On June 24, 2015 an order dismissing appeals to the Bureau of Land Management’s (BLM) decision in 2014 to close the Argenta grazing allotment near Battle Mountain was approved by Administrative Law Judge James Heffernan.
The order allows for a settled-upon agreement between ranchers and the BLM to take effect.
Cattle will be released back onto the range.
“Nevada Cattlemen’s Association is pleased an agreement has been reached that allows for grazing on the Argenta allotments,” said Ron Torell, president, Nevada Cattlemen’s Association. “We commend all parties involved in the collaborative discussions to reach this agreement.
The agreement, which allows grazing on the Argenta allotment with conditions to prevent overgrazing around springs and streams, was a result of discussions among the BLM staff, the National Riparian Services Team, the Argenta grazing permittees and Western Watersheds Project.
“The goal from the beginning was to replace the temporary closure due to drought with a drought management plan that allows grazing while protecting the resources on the range,” said Battle Mountain District Manager Doug Furtado.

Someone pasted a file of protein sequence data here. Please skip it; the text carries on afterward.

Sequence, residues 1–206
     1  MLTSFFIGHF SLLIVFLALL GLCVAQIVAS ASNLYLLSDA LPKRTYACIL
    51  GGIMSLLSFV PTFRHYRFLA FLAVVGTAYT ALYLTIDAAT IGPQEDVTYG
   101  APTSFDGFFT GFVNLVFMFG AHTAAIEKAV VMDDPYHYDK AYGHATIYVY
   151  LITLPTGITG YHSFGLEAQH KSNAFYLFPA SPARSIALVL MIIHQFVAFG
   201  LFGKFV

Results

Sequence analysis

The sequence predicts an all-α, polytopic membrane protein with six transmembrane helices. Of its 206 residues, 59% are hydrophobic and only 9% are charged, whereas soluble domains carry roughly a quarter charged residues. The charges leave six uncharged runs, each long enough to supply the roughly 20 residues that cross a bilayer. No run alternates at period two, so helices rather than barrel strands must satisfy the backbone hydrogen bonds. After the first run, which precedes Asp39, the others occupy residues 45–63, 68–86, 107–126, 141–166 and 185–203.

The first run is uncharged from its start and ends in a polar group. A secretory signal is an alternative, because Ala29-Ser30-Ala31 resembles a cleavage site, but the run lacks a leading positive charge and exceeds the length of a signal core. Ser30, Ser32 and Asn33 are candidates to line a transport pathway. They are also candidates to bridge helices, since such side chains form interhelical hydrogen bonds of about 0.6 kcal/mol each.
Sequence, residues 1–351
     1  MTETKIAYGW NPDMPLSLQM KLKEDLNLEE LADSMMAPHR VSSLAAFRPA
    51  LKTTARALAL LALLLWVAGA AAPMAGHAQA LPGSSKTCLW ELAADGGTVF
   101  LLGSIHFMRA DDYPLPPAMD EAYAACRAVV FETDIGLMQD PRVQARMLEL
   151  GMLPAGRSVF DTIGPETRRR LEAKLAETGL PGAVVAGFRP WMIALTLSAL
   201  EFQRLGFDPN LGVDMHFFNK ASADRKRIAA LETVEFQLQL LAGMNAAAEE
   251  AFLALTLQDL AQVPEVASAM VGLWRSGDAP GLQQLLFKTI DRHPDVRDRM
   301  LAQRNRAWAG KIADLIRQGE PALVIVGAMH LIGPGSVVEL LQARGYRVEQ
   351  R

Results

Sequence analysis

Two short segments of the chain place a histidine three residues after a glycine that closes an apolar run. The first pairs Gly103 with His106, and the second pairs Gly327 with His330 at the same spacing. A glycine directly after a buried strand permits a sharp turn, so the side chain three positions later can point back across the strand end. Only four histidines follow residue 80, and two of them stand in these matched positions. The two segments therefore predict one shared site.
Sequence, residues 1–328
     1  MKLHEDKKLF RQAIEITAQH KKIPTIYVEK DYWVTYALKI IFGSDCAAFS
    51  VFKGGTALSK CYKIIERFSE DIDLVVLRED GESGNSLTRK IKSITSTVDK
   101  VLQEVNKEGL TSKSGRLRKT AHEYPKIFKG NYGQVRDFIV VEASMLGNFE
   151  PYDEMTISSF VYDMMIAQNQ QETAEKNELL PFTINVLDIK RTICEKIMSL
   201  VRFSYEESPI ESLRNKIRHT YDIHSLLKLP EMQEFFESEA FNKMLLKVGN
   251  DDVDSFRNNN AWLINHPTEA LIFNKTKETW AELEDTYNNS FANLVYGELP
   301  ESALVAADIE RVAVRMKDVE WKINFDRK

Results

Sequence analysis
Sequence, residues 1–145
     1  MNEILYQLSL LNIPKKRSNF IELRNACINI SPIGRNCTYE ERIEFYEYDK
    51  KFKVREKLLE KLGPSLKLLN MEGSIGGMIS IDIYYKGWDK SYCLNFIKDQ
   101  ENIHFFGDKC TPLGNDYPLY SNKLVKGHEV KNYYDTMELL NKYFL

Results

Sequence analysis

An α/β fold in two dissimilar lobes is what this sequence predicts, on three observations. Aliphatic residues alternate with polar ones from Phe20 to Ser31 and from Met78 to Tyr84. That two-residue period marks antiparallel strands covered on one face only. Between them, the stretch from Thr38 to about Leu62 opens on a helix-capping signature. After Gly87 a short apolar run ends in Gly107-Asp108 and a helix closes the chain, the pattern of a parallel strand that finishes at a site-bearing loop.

The agreement includes:
- A three year trial period focused on adaptive management to respond to site specific conditions
- Development of a stockmanship plan focused on the use of riding and supplement use to meet riparian and upland use levels
- Increased attention to monitoring before, during and after seasons of use, and
- A commitment by BLM to complete the permit renewal process within three years based on information gained from the adaptive management trial period.
“This agreement shows the commitment the BLM has to maintaining our multiple-use mandate while protecting resources to fulfill the sustained yield portion of our mission,” said Acting State Director John Ruhs.
Torell added: “Our hopes are that a commitment by BLM to complete the permit renewal process within three years based on information gained from the adaptive management trial period will occur. Protecting and enhancing our natural resources with sound management without (the) exclusion of grazing is obtainable with collaboration and adaptive management.”
Bob Conrad is publisher, editor and co-founder of This Is Reno. He has served in communications positions for various state agencies and earned a doctorate in educational leadership from the University of Nevada, Reno in 2011. He is also a part time instructor at UNR.